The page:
Institute of Child Development building

Best practices in childhood make a profound difference in the success of every individual. The top-ranked University of Minnesota Institute of Child Development has a vision to be an incubator of teaching and research that makes an exponentially positive impact on children, families, and society. We are asking for your support to provide ICD with a modern facility that helps make that vision possible. Its current space is outdated and dispersed across multiple buildings, and your support will sustain a vital academic center of distinction that attracts and retains creative, field-shaping faculty, and students who are uncovering new horizons in human development.

Thanks to donor generosity, we are moving toward our final goal:

  • We have reached $10.2 million in private support.
  • The 1968 ICD building will be demolished starting in November 2020, with reconstruction continuing through July 2022.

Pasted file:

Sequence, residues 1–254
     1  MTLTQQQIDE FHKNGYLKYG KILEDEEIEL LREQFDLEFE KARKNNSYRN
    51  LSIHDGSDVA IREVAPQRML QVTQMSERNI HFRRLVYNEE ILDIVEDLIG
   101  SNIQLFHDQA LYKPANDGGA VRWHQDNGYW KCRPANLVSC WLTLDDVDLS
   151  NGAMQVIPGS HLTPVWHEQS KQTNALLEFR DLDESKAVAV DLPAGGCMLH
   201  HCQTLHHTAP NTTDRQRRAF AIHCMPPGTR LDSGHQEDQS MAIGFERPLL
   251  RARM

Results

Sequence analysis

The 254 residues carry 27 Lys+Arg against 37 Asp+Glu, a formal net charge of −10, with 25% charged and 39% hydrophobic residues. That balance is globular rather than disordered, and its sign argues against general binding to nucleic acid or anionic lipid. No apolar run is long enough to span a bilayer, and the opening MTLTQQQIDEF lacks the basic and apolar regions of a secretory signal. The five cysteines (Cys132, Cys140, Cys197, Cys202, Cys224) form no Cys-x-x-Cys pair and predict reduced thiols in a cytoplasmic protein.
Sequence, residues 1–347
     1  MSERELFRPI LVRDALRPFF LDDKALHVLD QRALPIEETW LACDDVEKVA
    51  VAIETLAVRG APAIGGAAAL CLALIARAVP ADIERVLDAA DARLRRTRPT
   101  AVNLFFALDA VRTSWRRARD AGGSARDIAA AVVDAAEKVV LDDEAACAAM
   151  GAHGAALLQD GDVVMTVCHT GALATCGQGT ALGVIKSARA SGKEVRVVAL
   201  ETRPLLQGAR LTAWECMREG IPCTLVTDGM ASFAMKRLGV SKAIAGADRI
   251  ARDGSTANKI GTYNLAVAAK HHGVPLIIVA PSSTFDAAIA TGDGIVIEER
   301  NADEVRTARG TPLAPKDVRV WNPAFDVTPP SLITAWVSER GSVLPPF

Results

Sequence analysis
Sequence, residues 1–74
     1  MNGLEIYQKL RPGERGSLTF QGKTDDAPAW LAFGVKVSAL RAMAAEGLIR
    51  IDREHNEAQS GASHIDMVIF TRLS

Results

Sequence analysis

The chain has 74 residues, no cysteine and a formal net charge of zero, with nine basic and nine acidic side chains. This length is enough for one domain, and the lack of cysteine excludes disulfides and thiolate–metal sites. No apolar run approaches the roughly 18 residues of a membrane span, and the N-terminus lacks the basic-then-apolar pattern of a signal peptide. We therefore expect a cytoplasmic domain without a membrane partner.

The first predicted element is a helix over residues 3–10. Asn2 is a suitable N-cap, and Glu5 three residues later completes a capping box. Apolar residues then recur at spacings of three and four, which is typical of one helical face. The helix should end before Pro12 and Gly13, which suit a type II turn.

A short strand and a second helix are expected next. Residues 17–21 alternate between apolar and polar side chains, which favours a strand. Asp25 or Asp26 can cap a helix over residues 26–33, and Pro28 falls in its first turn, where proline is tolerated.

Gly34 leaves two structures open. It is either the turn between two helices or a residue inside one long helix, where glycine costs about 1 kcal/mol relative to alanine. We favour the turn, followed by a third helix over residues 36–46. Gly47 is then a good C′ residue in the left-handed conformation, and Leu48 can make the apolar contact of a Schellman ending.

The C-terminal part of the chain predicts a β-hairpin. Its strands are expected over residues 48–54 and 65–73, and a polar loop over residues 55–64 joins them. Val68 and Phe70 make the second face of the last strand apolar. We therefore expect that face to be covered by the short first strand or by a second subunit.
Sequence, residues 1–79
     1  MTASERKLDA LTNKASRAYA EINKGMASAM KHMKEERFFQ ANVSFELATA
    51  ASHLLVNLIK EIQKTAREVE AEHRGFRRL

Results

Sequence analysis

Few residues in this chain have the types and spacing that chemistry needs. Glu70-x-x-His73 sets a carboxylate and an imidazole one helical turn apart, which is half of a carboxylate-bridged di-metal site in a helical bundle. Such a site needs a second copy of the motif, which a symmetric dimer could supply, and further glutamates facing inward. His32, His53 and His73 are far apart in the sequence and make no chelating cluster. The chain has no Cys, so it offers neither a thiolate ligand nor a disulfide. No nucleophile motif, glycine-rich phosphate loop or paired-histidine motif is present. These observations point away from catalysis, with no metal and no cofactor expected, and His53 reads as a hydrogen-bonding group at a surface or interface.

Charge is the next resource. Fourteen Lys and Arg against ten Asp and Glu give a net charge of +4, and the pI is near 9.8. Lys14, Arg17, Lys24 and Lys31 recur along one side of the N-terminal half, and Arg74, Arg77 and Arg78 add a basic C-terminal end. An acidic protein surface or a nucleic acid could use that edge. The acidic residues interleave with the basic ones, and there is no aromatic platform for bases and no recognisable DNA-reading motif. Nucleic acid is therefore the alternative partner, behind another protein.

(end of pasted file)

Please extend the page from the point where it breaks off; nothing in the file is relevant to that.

• The 1913 ICD building interior will be demolished beginning in June 2021, with reconstruction continuing through July 2022.
  • Construction of the Unified Lab School started in July 2020. The Shirley G. Moore Lab School will join the Child Development Center as a combined program in a new space in August 2021.
  • In October 2020, the Minnesota Legislature passed a bonding bill that includes $29.2 million in funding for the ICD building project.

You can join this exciting project. For more information, please contact Susan Oswald Holter, Chief Development Officer at 612-625-1757 or susan@umn.edu

Your support will transform ICD to reflect the changing nature of teaching and learning in the science of child and adolescent psychology, and ensure the best outcomes for all children.

Give now

Pre-design conceptual drawings
All renderings are pre-design conceptual drawings.
Pre-design conceptual drawings
All renderings are pre-design conceptual drawings.

We're driven to make a difference

Ann Masten
Over time, I’ve tried to foster a shift in the way we think about children at risk—from a focus on problems to a focus on strengths and promoting successful development.

Ann Masten, PhD
Regents Professor, Irving B. Harris Professor of Child Development,
Distinguished McKnight University Professor